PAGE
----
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1 Highlights of OSHA’s Recordkeeping Rule Courtney W. Bohannon Jackson Area Office.

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Presentation on theme: "1 Highlights of OSHA’s Recordkeeping Rule Courtney W. Bohannon Jackson Area Office."— Presentation transcript:

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2 1 Highlights of OSHA’s Recordkeeping Rule Courtney W. Bohannon Jackson Area Office

3 2 Recordkeeping Highlights  Updates the three recordkeeping forms:  OSHA form 300  OSHA form 301  OSHA form 300A

4 3  Requires records to include any work-related injury or illness resulting in one of the following;  Death;  Days away from work;  Restricted work;  Medical treatment; Recordkeeping Highlights

5 4  Recordability (cont’d):  Loss of consciousness;  Diagnosis of a significant injury/illness

6 (b)(5) – First Aid Using nonprescription medication at nonprescription strength Tetanus immunizations Cleaning, flushing, or soaking surface wounds Wound coverings, butterfly bandages, Steri- Strips Hot or cold therapy Non-rigid means of support Temporary immobilization device used to transport accident victims

7 6 First Aid Drilling of fingernail or toenail, draining fluid from blister Eye patches Removing foreign bodies from eye using irrigation or cotton swab Removing splinters or foreign material from areas other than the eye by irrigation, tweezers, cotton swabs or other simple means Finger guards Massages Drinking fluids for relief of heat stress

8 7 To records or not record? Second or subsequent hot and cold soaks and use of whirlpool treatment. Not Recordable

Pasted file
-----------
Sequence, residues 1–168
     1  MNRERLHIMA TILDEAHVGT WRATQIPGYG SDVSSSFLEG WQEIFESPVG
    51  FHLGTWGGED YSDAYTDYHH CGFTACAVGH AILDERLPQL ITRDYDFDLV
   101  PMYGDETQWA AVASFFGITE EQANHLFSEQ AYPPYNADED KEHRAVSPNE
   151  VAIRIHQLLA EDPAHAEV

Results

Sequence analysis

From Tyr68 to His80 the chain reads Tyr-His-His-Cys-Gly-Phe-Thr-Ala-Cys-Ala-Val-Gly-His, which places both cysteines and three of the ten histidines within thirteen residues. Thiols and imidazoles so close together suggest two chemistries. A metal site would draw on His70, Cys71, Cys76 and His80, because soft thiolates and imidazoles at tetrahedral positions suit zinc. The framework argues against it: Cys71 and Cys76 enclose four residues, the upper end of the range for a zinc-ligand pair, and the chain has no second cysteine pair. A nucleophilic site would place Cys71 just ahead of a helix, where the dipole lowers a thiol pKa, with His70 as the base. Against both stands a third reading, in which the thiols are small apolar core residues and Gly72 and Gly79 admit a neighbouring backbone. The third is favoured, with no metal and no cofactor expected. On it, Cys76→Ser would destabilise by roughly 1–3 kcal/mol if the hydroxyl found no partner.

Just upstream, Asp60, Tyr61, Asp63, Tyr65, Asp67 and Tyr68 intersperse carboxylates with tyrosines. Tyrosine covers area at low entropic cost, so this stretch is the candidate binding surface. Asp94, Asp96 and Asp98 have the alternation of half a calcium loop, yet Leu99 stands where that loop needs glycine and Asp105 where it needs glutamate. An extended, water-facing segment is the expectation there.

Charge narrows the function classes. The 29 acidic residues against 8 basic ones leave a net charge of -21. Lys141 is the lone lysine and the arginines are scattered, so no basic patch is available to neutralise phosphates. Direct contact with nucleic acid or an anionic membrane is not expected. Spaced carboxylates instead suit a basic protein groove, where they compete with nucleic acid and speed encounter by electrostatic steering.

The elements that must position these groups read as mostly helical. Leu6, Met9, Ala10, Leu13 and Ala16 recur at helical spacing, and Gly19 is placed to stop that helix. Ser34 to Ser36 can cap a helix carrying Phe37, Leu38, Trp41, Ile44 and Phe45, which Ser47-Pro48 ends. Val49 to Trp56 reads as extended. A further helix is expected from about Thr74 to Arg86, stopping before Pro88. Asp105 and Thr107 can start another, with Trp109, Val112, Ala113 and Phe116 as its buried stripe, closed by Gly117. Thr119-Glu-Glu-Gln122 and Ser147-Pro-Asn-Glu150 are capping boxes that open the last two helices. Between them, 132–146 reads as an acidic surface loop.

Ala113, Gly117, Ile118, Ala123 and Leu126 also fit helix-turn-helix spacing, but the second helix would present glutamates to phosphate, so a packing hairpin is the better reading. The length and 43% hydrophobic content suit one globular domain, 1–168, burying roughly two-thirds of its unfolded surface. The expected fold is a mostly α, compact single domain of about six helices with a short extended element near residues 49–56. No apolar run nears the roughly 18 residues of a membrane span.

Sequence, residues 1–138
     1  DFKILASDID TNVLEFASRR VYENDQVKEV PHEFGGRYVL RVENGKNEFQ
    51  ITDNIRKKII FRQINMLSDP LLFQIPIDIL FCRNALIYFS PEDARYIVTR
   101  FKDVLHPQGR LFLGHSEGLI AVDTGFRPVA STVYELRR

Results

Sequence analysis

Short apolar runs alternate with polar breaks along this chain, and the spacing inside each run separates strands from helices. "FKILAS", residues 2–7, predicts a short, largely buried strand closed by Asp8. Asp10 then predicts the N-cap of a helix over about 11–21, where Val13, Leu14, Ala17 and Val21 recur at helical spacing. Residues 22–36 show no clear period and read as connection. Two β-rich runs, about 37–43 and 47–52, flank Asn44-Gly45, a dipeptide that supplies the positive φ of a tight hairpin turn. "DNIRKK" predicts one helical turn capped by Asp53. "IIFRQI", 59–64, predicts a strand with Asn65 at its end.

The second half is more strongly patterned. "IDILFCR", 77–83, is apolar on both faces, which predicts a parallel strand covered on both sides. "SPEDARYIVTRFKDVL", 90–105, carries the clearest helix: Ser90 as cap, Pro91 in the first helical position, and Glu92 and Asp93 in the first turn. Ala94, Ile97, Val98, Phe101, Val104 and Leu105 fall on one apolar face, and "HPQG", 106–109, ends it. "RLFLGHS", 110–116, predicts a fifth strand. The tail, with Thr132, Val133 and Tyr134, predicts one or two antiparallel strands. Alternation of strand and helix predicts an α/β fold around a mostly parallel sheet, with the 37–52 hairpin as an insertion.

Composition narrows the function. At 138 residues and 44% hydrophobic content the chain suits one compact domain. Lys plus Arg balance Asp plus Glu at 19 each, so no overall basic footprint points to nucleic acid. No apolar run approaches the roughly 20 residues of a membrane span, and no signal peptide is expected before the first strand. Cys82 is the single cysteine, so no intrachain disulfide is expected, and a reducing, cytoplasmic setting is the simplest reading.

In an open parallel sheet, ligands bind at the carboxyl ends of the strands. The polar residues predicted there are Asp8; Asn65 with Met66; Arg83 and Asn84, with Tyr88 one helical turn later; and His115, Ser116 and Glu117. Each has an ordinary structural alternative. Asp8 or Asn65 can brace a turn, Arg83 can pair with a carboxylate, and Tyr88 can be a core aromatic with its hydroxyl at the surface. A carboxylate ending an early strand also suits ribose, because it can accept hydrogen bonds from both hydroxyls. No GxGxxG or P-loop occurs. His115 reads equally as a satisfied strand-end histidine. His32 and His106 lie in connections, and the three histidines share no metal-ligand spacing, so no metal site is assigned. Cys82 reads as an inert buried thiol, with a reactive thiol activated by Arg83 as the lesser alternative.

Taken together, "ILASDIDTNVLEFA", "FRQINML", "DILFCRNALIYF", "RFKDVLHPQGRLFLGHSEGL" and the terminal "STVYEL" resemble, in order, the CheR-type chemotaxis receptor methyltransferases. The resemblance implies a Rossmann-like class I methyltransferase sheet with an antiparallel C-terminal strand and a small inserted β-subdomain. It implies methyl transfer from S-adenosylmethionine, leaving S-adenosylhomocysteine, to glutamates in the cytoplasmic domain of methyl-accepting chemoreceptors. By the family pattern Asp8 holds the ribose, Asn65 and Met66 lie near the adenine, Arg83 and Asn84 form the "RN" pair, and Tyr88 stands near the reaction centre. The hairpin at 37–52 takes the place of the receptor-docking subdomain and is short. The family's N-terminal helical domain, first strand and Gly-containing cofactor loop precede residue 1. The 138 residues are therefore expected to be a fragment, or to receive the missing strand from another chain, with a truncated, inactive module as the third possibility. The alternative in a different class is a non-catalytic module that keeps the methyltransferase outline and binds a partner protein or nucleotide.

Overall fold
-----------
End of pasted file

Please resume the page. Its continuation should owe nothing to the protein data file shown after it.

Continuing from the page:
9 8 To records or not record? One-time administration of oxygen for several minutes. Recordable

10 9 To records or not record? Employee has work-related elbow pain and is given non-prescription pain medication at prescription strength. Recordable

11 10 Recordkeeping Highlights Adds additional exemptions to the definition of work-relationship.

12 11 Job Restriction Restricted work activity occurs when: –An employee is kept from performing one or more routine functions (work activities the employee regularly performs at least once per week) of his or her job; or –An employee is kept from working a full workday; or –A PLHCP recommends either of the above

13 (b)(4) – Job Transfer An injured or ill employee is assigned to a job other than his or her regular job for part of the day A case is recordable if the injured or ill employee performs his or her routine job duties for part of a day and is assigned to another job for the rest of the day

14 13 Recordkeeping Highlights  Eliminates the term "lost workdays" and focuses on days away or days restricted or transferred.  Cap day count at 180 days.

15 14 Recordkeeping Highlights Requires recording of all needlestick and sharps injuries involving contamination by another person's blood or other bodily fluids.

16 15 Recordkeeping Highlights  Provisions describing the recording criteria for cases involving the work-related transmission of tuberculosis or medical removal under OSHA standards.